John Williamson once warbled, ‘Good news never made a paper sell,’ and, in the back of my mind, a clock was ticking.  My time was running out.  I was a dinosaur in a dying industry.

Around this time, I noticed my wife, children and friends had stopped reading the printed daily paper, and were getting all their news off Facebook. 

They weren’t alone.  Pretty soon, our breaking stories were being copied and pasted and shared on Facebook by people who had found a way under, over or around the paywall.

In the face of this digital onslaught, Rupert declared if the Rebel Scum wanted to read his content then they’d have to pay for it; all of it. 

Wildly cheered on by his sycophantic lackeys, he set up a paywall and locked the content behind it. 

It didn’t matter if you were living on the other side of the galaxy and only wanted information on a person, relative or feature in Gladstone from a particular story, you had to buy a subscription. 

Not smart.

How many good stories went unread as people clicked away from the paywall message I’ll never know.  But what I did know was readership numbers began to plummet like a shot-up Millenium Falcon.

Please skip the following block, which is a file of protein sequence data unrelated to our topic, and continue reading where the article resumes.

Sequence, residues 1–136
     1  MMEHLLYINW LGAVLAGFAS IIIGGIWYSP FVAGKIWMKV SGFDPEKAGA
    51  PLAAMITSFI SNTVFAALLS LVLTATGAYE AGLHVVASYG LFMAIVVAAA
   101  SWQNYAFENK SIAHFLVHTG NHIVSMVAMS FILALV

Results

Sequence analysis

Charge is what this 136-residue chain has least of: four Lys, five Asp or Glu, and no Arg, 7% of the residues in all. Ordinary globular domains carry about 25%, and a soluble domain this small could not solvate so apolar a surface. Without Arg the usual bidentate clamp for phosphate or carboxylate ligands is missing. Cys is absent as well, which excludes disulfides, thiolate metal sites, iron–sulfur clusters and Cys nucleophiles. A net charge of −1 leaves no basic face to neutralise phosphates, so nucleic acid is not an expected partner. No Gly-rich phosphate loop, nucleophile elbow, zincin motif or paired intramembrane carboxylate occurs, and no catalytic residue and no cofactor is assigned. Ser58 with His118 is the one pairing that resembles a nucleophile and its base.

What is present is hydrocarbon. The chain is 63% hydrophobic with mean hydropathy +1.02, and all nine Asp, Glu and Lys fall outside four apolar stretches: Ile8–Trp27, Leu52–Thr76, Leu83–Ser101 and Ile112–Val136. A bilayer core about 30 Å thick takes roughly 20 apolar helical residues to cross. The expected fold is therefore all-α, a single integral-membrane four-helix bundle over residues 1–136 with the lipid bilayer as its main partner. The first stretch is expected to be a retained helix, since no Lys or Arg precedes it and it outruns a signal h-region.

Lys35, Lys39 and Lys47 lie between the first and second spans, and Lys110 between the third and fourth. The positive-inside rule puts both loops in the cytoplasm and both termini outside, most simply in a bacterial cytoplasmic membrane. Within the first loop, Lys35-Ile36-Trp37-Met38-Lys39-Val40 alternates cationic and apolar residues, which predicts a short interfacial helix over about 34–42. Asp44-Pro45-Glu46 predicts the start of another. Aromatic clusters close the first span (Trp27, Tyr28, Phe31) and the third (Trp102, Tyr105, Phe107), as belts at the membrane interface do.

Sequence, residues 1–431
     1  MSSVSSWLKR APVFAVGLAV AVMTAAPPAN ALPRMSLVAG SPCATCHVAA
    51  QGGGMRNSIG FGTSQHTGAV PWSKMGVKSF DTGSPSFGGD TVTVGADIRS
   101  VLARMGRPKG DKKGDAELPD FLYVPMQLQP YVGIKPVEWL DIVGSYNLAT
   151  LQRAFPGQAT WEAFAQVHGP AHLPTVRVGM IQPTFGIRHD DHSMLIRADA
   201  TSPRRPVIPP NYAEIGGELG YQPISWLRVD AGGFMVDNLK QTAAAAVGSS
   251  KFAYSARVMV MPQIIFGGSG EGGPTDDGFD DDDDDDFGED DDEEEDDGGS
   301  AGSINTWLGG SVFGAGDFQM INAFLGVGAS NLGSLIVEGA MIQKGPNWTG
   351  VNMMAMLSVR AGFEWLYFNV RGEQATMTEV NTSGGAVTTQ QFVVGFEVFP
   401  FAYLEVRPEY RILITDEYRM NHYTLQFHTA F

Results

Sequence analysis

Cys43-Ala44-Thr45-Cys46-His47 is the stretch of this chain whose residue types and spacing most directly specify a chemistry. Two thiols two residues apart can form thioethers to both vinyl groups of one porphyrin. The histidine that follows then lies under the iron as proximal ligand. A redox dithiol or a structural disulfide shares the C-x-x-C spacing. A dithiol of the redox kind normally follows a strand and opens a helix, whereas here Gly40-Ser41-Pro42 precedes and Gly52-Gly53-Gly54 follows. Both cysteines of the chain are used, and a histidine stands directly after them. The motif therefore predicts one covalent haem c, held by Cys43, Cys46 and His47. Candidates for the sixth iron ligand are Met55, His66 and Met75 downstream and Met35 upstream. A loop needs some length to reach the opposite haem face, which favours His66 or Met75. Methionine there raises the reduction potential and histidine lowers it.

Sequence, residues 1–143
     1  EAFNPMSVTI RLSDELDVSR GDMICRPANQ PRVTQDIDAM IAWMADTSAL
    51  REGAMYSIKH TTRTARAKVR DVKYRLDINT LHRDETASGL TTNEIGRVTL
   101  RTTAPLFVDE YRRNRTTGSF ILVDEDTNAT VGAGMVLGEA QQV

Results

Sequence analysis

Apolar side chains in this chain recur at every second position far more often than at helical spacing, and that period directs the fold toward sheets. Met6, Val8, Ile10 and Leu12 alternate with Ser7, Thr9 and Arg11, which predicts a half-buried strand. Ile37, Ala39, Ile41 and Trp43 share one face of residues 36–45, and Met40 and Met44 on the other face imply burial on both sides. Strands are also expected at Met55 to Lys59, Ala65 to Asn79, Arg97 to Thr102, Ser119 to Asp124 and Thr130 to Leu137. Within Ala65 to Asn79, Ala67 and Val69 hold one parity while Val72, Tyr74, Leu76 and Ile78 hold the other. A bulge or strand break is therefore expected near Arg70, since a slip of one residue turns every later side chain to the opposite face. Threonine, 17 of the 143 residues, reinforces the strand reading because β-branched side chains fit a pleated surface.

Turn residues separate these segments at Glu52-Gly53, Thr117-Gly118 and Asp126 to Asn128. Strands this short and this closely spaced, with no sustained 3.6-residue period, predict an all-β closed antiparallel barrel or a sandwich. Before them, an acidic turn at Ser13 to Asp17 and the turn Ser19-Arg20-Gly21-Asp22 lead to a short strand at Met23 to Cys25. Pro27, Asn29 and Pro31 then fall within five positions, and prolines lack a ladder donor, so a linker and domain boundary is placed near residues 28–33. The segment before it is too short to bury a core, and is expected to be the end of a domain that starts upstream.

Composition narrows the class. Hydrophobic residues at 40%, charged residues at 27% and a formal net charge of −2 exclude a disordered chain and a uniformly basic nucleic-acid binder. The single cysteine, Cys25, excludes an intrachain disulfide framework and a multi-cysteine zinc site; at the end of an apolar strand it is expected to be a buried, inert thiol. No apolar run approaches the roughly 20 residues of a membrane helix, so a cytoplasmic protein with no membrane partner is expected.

The Death Star news service requires funding, just like every other paper does, and I’m certain they would still be a Force if they’d done what other online newspapers did, such as The Guardian, which offer all their content for free, but pepper their stories with little messages i.e.: ‘Good writing costs money, please consider subscribing.’ 

(Note: I did.  I still do.  They’re so polite, I find them hard to refuse.)

Meanwhile, in early 2018, sensing the big implosion was coming, I bid a fond farewell to my fellow dishwashers, hopped into an escape pod, blasted off the Death Star and went for a long drive to think about my next career move.